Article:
The Year of Magical Thinking, Joan DidionGuest blogger: Jason Bartholomew, Rights Director

The Two Roads Book Club met last week to discuss Joan Didion’s THE YEAR OF MAGICAL THINKING. The tea was brewed, the pastries were glistening, and the conversation was flowing. Overall, the general feeling was each of us felt a strong connection to Didion’s book. Whether the book conjured up memories of funerals attended in Mexico, time spent working as a grief counsellor where this book was suggested reading for those in mourning, or perhaps that it simply served as a reminder of our own mortality — we all agreed Didion’s book was a moving account but not an easy read.

Personally, I very much enjoyed the book. Didion has written a phenomenal memoir of death, grief, and how life can change in an instant. There is such a sadness to the story, but the richness of the writing is transportive. The book opens with Didion’s husband dying suddenly of cardiac arrest. Didion had been preparing dinner in their apartment in Manhattan, and one moment her husband was alive — sitting in his favorite chair and reading — and the next moment he was dead.

There is a poignancy and immediacy to her story-telling. Our lives trundle along a path, a very well-worn path for decades — in the author’s case — and suddenly everything changes. This is not a new tale to tell, but Didion tackles it with a raw honesty that is admirable. It is written from the view of being overcome with grief and you feel — as the reader — that you are in the tunnel with her. You feel cloaked with Didion’s sorrow. You desperately feel that you don’t want to ever be in her position. But you understand inherently, as Didion reminds you, there is no choice. “It all evens out in the end,” her husband once tells his daughter about death.

Didion lovingly recounts the 40 year marriage she had with John Gregory Dunne, and the partnership they had as writers and as parents. As a reader you envy the effortless team they made as a married couple, and all the shared experiences they built over such a long life together. It is a partnership well lived. But the brutal and sudden ending to this marriage strikes a raw nerve for anyone who has ever lost a loved one; or for anyone who understands the naivety of the filters we can build to the inevitability of death.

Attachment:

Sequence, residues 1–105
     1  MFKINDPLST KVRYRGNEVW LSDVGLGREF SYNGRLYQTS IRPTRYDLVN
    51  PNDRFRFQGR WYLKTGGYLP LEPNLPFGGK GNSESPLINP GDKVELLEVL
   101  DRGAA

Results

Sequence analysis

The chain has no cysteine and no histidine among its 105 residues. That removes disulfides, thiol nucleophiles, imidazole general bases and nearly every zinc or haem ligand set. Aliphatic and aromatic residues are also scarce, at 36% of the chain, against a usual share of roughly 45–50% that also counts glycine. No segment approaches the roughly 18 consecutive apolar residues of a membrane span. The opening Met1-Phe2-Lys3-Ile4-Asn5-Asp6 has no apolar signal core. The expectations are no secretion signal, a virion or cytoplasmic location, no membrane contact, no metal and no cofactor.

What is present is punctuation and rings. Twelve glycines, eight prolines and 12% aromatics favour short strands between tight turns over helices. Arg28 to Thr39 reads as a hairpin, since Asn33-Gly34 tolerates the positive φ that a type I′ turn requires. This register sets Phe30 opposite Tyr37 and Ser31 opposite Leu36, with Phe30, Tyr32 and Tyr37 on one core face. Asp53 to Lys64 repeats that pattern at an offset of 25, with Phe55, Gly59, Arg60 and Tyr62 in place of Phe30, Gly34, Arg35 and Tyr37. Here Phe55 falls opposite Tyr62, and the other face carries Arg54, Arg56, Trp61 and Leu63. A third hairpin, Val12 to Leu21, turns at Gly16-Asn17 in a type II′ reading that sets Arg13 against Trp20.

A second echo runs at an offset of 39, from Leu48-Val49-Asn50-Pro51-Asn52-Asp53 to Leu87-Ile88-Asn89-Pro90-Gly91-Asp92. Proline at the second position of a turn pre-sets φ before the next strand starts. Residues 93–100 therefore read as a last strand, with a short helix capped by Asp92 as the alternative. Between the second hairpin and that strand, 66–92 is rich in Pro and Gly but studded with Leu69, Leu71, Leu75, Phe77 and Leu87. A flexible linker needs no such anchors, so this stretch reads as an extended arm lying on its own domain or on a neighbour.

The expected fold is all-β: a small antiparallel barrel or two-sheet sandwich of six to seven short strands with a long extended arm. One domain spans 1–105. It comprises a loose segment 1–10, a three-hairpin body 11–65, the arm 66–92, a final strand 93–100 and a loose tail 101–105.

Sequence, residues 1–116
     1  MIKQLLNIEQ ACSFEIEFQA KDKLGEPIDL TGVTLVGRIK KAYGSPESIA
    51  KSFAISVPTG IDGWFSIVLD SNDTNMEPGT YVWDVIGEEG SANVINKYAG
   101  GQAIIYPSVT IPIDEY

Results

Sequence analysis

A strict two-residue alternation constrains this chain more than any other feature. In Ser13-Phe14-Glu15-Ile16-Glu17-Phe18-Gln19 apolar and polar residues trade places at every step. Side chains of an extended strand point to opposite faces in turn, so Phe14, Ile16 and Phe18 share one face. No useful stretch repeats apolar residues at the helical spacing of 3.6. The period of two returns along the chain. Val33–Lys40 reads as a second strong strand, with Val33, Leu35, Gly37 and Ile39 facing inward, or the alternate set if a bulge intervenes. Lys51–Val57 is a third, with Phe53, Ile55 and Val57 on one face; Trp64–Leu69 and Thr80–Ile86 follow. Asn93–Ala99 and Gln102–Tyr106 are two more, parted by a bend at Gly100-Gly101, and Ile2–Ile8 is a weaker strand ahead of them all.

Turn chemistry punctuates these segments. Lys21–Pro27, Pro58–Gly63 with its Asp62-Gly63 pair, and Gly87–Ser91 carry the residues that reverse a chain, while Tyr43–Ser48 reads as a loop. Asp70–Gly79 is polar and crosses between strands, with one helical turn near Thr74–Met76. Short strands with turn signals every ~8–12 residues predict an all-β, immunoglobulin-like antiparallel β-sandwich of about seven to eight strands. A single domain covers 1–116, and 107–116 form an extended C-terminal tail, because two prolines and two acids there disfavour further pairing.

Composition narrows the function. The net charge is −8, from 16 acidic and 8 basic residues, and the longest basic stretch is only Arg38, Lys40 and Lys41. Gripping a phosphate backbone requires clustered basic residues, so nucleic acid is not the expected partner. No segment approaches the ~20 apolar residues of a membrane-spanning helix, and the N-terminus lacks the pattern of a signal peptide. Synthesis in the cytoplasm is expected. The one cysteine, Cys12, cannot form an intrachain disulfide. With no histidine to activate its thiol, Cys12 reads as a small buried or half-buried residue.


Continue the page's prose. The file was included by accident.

My dad died twice of heart failure in January of this year, and twice he was saved on the operating table. It came as a shock. But it really shouldn’t have. He’s had heart trouble for

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a decade. The doctors later told us if his heart had stopped a third time they wouldn’t have tried to revive him again. They were worried his brain would have lost too much oxygen by that point. I was in London at the time, an ocean away, just starting my morning when my mom called. I remember feeling

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weightless. I remember leaving my desk to speak to my mom in privacy away from my office. I remember quietly slipping back to my desk, sending a hasty email to a few people telling them I had to leave, and then taking a flight the next day to the US to be by my dad’s

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We spent four days in the ICU not knowing if he would live or die. It has now been six months since this incident and my dad is back to normal. Well, as normal as one can be when inheriting a faulty heart. Truthfully, as Dunne knew, my dad knows he will die from a faulty heart.

Didion covers this in her book, when her husband in 1987 — after having a heart scare — tells his wife he at least now knows how he will die. Didion dismisses this notion from her husband at the time.

But aren’t we all on borrowed time? Life is meant to be about living, and from the minute we enter this world, there is a human fragility on which we all inevitably teeter.

We have a vacation planned this summer at a house my dad rented. The payment for the house was recently finalized. My dad wrote to my sister and me, ‘if I die before the vacation starts, I want you all to go. The house is already paid for.’ My dad is living, but perhaps really he is already in the final stages of preparing for his death.

There are certain facts to life. We are all born and we all will die. There is no escaping death. Some of us spend our lives looking over our shoulders, worrying about taking risks, not knowing if and when we will die.

In THE YEAR OF MAGICAL THINKING, Didion reflects on various moments of the life she lived with John and wonders how — since her husband’s proclamation in 1987 of what form his death would take — if she had taken this thought more seriously at the time, if she could have lived her life any differently. She wonders how she and John could have lived their lives differently together.

Didion is forced in to a different ending to the life she imagined. Perhaps this is the ultimate lesson of the book. Life has a plan for each of us that is different to the one imagined. That is the fragility, and perhaps the excitement, of life. Life can be cruel, it can be bittersweet, but each us needs to absorb and adapt to whatever roadblocks might get in our way.

Back to the Friday book club, and in the end we were divided 50/50 over whether we would recommend the book to read. We were impressed with her writing and found the book incredibly heart-wrenching, but perhaps the subject matter is too difficult to recommend the book outright; at least not without some warning for the intrepid reader.

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